Autonomy guarantee?

The suggestion that joining a corporate means handing over autonomy as a clinician is strongly rejected by the companies.

Research2 published in the BDJ in 2018 and 20193 found that associates working for dental corporates felt they had less control and autonomy at work compared to non-corporate associates, according to data from a survey of BDA members.

The authors of these studies found from interviewing associates that those with experience in both sectors believed that the non-corporate environment generally offered a greater level of freedom than corporate environments in relation to clinical and non-clinical decisions they were able to make.

All but one corporate associate said they had been limited by approved lists for the materials and laboratories they could use, and sometimes where referrals could be made, in contrast to those from non-corporate practices.

This is far from the case, according to Tannahill who says: “When we say there is clinical freedom, we mean it. It doesn't just mean that you can choose what types of treatments are on offer, it means that you can choose which material to use and choose which laboratories you use.”

Career paths

Newly qualified dentists choosing to work with a corporate can expect a myriad of career opportunities and variety if they are seeking it and, potentially, a job for life.

So argues Tannahill, who says: “It can offer a varied and diverse career path. Potentially, a clinician could stay with Portman throughout their whole practising career because we've got enough practices now and we're a big enough group that even if they wanted to relocate, we could put them with another Portman practice and we could find the right practice to suit that stage in their career.”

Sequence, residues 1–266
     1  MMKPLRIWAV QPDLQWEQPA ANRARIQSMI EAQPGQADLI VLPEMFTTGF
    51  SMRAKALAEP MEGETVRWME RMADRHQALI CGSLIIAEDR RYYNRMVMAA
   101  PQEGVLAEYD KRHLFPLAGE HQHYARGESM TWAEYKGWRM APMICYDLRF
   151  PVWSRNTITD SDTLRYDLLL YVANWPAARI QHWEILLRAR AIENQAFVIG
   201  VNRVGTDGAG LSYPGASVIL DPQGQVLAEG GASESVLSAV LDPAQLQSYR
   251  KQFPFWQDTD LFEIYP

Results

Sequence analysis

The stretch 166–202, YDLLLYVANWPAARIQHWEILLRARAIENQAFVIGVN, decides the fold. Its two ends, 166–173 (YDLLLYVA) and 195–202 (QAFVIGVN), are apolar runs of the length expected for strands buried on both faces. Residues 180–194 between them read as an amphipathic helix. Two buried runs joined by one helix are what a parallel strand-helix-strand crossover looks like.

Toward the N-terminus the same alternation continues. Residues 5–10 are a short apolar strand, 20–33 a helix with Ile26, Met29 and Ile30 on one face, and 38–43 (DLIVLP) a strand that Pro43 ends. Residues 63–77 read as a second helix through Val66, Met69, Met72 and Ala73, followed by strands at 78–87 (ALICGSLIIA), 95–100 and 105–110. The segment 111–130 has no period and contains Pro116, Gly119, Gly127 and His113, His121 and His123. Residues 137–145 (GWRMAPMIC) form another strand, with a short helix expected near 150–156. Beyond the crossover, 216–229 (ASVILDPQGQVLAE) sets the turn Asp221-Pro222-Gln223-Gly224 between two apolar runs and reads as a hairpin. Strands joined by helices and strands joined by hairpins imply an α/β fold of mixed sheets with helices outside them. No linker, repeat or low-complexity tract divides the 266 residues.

A record number (150) of recently-qualified dentists joined {my}dentist last year, something that the company attributes to the fact that they can easily access support from peers and ongoing training.

“Joining a national organisation means that young dentists have greater opportunities to further their careers,” says Whitley. “We offer endless training opportunities.”

Various chances to develop are within the grasp of young dentists, according to Jasat who explains: “At Rodericks Dental we have a dedicated programme for dentists that have joined us who have just completed Foundation training.

“This is our FD+1 scheme and is organised by a designated mentor. It involves hands-on study days (restorative, endodontics and oral surgery), zoom webinars, support with clinical cases and regular ‘drop-in’ sessions.”




Never on your own

Aran Maxwell-Cox, an associate at a {my}dentist practice in Consett, County Durham, is a firm believer in how the company has supported and helped him feel secure in his work.

“I started with {my}dentist when they acquired my practice in 2015 towards the end of my Foundation Training year,” he says. “I stayed on as an associate for a year then I moved on to another practice as I wanted to try something new. I was there six months before returning back to {my}dentist in Consett.

“I came back because I loved the practice, the team and the ethos {my}dentist had compared to the practice I had moved to. {my}dentist are very focussed on career development for associates and I love that.”

One of the most important reasons for his job satisfaction is down to job security during the pandemic, as he explains: “{my}dentist have been incredible throughout the pandemic. My job and pay has been secure and we have been well informed the whole way through.”

As for the best thing about corporate working, he says: “The amazing support network means you’re never on your own.




  1. General Dental Council. The Impact of COVID-19 on Dental Professionals. (17 December 2020)
  2. O'Selmo, E., Collin, V., & Whitehead, P. Associates and their working environment: a comparison of corporate and non-corporate associates. Br Dent J 2018; 225: 425–430.
  3. O’Selmo, E., Collin, V., & Whitehead, P. Dental associates' perceptions of their working environment: a qualitative study. Br Dent J 226, 955–962 (2019)